Economic Policy in EMU: A Study by the European Commission Services

Economic Policy in EMU: A Study by the European Commission Services

Economic Policy in EMU: A Study by the European Commission Services

Economic Policy in EMU: A Study by the European Commission Services


With the advent of the third and final phase of European and Monetary Union (EMU), the debate over European monetary unification is at the top of the political and economic agenda. Much has been written over the past five years about whether EMU is justified given the various expected benefits and prospective costs, but there has been little detailed material on how EMU will work and what the practical implications of it will be for Europe as a whole. Economic Policy in EMU is a comprehensive look at the mechanisms involved, likely effects on monetary and budgetary policy, and the ways in which monetary union will deal with and affect business cycles and regional differences. It combines rigorous analysis of how the European economy works with an insider view of how this will change after 1999: as such, it is vital reading for all involved in the most important topic facing Europe today.


On 1 January 1999, Economic and Monetary Union (EMU) moves to its third and final stage and the euro becomes the single currency for a first group of eleven eu countries. the time has come, therefore, to shift our attention from the legal and technical issues of the transition to the more economic topic of the actual functioning of monetary union.

European monetary union must be understood as comprising two separate, but complementary facets: a single currency and a stable currency. These two facets correspond to the two interrelated objectives of EMU: efficiency and stability.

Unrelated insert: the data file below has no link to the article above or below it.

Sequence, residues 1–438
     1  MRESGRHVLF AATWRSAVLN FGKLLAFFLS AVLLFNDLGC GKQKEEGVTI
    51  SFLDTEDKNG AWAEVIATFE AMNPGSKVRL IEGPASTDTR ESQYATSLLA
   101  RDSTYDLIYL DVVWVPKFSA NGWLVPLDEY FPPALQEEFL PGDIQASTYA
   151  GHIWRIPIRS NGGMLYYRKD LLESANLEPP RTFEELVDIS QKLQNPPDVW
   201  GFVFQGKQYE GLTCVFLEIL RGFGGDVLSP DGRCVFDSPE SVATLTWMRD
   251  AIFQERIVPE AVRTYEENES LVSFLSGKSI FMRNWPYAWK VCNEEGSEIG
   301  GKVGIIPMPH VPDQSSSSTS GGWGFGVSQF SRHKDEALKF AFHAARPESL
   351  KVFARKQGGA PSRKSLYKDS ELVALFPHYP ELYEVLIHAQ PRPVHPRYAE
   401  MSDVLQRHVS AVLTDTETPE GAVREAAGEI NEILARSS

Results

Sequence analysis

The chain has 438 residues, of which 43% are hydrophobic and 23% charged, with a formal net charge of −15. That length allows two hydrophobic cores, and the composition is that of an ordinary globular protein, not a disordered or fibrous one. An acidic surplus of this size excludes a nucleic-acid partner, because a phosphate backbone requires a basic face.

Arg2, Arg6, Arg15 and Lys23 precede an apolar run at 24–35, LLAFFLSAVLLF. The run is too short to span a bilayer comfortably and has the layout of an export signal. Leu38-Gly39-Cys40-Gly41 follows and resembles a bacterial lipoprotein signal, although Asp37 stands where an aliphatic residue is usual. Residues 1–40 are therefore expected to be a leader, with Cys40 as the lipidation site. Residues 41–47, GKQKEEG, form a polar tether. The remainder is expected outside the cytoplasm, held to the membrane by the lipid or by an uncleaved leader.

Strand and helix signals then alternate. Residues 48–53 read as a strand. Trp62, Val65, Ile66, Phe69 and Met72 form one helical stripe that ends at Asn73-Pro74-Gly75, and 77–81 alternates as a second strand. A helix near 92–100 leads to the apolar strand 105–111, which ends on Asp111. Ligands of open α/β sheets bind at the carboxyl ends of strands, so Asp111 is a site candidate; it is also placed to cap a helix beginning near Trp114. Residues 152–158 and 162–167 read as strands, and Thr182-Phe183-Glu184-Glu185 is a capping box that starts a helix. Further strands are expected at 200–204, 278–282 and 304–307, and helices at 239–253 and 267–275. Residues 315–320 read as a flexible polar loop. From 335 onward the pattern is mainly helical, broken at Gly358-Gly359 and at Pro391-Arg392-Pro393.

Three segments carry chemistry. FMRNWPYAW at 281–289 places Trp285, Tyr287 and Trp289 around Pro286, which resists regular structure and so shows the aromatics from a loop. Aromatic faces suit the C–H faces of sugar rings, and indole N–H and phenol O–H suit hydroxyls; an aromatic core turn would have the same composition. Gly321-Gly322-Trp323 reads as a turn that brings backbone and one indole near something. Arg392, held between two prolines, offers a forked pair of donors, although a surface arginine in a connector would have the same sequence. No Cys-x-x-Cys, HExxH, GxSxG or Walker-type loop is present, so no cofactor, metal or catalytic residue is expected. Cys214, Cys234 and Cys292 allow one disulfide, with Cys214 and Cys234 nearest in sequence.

The commitment by national public authorities to meet the terms of the Treaty on European Union (better known as the Maastricht Treaty) for creating emu is already bearing important fruit in terms of stability. As shown in the European Commission's (1998) Convergence Report, in the past several years, the convergence towards low inflation has been impressive and, although more efforts are in order, budget deficits have been substantially reduced. This has resulted in more stable nominal exchange rates and lower long-term interest rates, thus paving the way to the current economic recovery.

Although emu represents first and foremost a monetary policy regime change, its implications are much wider. the construction of emu is geared towards the stability of the new currency, and sound public finances. Together with a well-functioning Single Market, this new policy regime is bound to bring about a new economic environment with fundamental consequences for the behaviour of public and private agents.

The gradual elimination of budget deficits, as provided for by the Stability and Growth Pact, implies that government debt, currently still at too high levels, will be set on a consistently downward path. This will have beneficial consequences for interest rates and private investment, help to restructure public expenditure by giving more weight to growth-enhancing factors (such as investment in education and infrastructure), and increase the room for manœuvre of national budgetary policies in stabilising the cycle. Budgetary discipline will also imply a new, fairer contract between the current and the next generation, which will not have to shoulder the burden of today's spending choices. in total, with the change brought about by the emu regime, the risk of a new stability conflict between the monetary and budgetary policies, which in the past repeatedly contributed to the unsatisfactory growth and employment performance of the Community, could be avoided in the coming years.

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